Strong-Noble Truths - 1.6 REALIZING THE FOUR NOBLE...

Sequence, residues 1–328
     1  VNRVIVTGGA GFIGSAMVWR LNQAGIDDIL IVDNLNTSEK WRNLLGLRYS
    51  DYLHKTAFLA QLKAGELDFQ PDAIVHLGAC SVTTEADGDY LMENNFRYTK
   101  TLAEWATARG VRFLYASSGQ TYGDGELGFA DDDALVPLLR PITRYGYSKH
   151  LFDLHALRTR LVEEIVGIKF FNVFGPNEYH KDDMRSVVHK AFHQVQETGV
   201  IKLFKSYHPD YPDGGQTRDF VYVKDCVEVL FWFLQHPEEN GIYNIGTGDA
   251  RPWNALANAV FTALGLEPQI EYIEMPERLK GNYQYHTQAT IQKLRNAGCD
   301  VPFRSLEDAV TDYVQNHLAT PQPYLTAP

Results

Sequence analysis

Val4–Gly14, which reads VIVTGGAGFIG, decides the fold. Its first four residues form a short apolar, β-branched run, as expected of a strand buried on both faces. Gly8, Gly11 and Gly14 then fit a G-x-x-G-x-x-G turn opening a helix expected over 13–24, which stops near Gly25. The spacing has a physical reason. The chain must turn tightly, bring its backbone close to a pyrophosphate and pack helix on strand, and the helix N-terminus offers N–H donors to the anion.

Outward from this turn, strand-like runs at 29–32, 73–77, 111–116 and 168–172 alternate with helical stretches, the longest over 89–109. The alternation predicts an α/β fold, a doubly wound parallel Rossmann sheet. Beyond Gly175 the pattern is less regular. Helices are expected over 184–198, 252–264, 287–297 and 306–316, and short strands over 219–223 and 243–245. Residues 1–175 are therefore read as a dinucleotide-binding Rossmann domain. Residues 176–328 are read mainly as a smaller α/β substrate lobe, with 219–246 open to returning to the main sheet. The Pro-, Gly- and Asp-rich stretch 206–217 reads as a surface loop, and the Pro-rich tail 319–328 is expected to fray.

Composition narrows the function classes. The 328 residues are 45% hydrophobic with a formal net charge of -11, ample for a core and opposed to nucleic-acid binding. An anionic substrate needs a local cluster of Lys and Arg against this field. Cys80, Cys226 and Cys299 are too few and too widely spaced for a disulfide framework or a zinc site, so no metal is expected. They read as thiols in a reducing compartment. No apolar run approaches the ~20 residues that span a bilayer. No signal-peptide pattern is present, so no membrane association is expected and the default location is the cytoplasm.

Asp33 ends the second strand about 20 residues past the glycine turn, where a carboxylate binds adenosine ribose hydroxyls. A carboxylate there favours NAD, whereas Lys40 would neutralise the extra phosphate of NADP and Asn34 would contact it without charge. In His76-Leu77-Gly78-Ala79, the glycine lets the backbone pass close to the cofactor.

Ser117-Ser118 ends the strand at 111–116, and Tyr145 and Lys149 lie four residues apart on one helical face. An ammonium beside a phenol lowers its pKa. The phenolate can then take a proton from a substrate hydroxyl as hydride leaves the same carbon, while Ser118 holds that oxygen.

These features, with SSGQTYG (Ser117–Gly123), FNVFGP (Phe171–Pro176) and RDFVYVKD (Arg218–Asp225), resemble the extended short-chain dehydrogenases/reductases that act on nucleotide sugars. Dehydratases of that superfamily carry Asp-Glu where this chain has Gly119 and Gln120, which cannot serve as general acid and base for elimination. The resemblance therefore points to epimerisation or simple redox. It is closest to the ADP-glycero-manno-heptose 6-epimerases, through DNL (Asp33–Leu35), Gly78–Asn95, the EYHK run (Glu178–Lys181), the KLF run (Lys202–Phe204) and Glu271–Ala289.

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1.6 REALIZING THE FOUR NOBLE TRUTHS 34 "Monks," he said, "for one who has wandered forth, there are two ex- 33 In the third watch of the night of his enlightenment, the Buddha is said to have realized, among other things, the Four Noble Truths. If the experience of the first watch of the night can be termed "karmalogical" (having to do with the karmic deeds of the Buddha in his past life) and the second watch experi- ence is thought of as "cosmological" (having to do with the various realms of rebirh in the cosmos), this third watch can be labeled "dharmalogical" (hav- ing to do with the realization of the Buddha's Dharma, or "Doctrine"). In any case, the Four Noble Truths, which do form a sort of doctrinal core of Buddhism, are said to have been the subject of the Buddha's first sermon, at the Deer Park in Sarnath near Benares, an event known as the Setting in Motion of the Wheel of the Dharma. This sermon was delivered to the five men, Ajnata KauDQinya and his companions, who were to become the Buddha's first monastic disciples. The sermon, therefore, marks not only the first preaching of the Dharma but also the establishment of the monastic community. The Four Noble Truths can be stated as follows: 1. that life in all the realms of rebirh is, by definition, ultimately unsatis- factor, suffering (du¼kha) 2. that there is a reason for this suffering, an origination (samudaya) of it, which is connected to our ongoing desire, a thirst that we cannot as- suage, a clinging to possessions, to persons, to life itself 3. that there is, however, such a thing as freedom from or the cessation (nirodha) of this unsatisfactor state, this suffering, which will come with the rooting out (rather than the mere assuagement) of that on- going thirst 4. that the way to do this is to practice the so-called Noble Eightfold Path This Path (marga) is the same as the realization of the Middle Way, between the extremes of indulgence and asceticism, and it is for this reason that the Buddha (as in the selection below) often preached the Middle Way along with the Four Noble Truths.
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